Alberta Orders All Casinos to Close Under New Tighter Restrictions
December 9, 2020
The Alberta government has ordered all casinos, among other establishments, to close completely by Saturday, December 12 as a result of the province's soaring COVID-19 infection rates.
The ruling means that all casinos, bingo halls, gaming entertainment centres, racing entertainment centres, horse tracks, and raceways must close by the end of this week, as well as bowling alleys, pool halls, legions, and private clubs.
Operators like Century Casinos and Pure Canadian Gaming must now wind down all activity again until further notice.
Century noted in a press release that the government mandate is expected to be reassessed in four weeks. However, Century added that "it currently appears that due to the pandemic's current scope it will adversely impact the Company at least through the first half of 2021."
On Tuesday, December 8, Alberta reported 1,727 new cases of the virus. It also set another record with 20,388 active cases. 654 people in the province were being treated in hospitals for COVID-19, including 112 in intensive care units. The hospitalization numbers have grown by 600 per cent since the last week of October, Kenney said.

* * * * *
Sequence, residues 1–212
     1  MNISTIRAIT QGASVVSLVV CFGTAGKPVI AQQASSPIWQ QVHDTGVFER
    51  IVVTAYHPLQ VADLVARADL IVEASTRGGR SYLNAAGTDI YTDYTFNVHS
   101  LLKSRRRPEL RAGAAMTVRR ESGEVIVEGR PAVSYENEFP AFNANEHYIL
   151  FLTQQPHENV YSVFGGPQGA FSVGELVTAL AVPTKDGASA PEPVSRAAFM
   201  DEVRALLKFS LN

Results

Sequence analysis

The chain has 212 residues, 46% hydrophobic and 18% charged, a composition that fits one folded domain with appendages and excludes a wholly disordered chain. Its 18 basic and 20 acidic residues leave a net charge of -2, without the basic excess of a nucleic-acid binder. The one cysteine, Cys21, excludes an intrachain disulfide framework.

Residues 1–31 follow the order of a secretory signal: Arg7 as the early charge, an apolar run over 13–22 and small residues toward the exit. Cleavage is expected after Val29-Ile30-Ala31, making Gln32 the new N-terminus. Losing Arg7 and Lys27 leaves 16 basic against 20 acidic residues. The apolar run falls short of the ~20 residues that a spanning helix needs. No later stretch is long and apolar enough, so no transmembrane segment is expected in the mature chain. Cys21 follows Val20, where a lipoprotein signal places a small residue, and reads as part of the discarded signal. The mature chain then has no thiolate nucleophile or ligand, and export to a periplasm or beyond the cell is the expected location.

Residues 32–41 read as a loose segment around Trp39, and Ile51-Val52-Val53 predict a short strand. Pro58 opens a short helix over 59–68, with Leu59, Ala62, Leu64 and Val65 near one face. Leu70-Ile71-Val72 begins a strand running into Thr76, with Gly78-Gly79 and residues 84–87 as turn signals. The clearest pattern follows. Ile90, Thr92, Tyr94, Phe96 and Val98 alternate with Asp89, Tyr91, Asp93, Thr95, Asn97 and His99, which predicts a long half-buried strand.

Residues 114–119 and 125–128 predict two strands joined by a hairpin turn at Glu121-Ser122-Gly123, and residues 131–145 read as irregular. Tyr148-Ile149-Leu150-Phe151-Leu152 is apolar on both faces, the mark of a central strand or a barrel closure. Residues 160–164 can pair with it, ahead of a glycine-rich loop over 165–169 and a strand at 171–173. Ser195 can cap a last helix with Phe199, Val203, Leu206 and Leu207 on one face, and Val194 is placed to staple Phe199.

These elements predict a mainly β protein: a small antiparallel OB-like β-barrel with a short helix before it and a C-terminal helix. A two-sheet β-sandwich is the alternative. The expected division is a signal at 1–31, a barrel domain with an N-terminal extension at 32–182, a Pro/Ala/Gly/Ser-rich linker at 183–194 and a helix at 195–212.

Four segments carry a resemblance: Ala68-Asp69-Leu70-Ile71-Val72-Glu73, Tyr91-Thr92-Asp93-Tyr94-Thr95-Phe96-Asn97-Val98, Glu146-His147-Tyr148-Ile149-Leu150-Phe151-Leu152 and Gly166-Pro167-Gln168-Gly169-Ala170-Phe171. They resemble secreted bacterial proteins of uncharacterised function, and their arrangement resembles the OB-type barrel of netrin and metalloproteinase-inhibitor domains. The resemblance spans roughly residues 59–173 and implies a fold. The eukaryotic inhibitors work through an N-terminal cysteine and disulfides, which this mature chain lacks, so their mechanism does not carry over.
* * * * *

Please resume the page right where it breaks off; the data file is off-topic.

Another nine deaths were added to the toll on Tuesday, bringing the total to 640 since March.
"I also understand that to many people these policies, these restrictions, seem unjust," said the Premier. "I've made no secret of the fact that Alberta's government has been reluctant to use extraordinary powers to damage or destroy livelihoods in this way."
He added his government sees the latest restrictions as the only way to try to bend the infection curve.
"I know how devastating today's announcement and these measures are for tens of thousands of small business owners who have been coping through an impossibly difficult year, for hundreds of thousands of their employees and so many others who have found themselves without work," Kenney said.
"But we are now at a place where viral transmission is so widespread in the community that it does not any longer matter how careful business operators are. Because community transmission means that staff and clients, the general public, represent a risk of transmission."
In response, the provincial government will expand the Small and Medium Enterprise Relaunch Grant, with a new lower threshold and increased grant amounts. Businesses will be eligible to apply for a second payment through the program, for a total of up to $20,000 in potential funding each, up from the original $5,000. Up to 15,000 more businesses may be eligible for government funding, the province said in a news release.
The program will also expand to include businesses that have experienced revenue losses of at least 30 per cent due to the pandemic, lowering the threshold from the former requirement of 40 per cent revenue losses.